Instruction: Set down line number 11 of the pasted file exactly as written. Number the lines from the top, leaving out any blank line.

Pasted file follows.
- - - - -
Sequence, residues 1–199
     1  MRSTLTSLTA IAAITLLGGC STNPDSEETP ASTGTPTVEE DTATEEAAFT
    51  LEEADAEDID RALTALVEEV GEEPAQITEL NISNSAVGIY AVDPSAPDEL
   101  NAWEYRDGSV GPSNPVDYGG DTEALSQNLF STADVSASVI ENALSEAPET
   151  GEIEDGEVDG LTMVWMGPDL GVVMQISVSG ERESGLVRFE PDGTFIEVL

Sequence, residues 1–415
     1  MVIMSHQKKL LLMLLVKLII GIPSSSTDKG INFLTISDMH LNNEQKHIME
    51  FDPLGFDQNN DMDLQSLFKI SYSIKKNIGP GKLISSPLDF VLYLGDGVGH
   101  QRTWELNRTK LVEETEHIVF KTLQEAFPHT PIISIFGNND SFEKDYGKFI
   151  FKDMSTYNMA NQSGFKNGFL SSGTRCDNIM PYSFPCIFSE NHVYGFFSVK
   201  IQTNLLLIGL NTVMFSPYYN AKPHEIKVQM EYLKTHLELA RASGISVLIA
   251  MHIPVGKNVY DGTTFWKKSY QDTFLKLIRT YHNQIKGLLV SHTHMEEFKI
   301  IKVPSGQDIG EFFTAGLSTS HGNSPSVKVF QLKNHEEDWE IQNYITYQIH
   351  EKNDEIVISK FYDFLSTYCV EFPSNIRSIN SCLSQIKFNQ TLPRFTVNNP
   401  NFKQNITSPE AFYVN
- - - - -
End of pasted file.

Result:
   201  IQTNLLLIGL NTVMFSPYYN AKPHEIKVQM EYLKTHLELA RASGISVLIA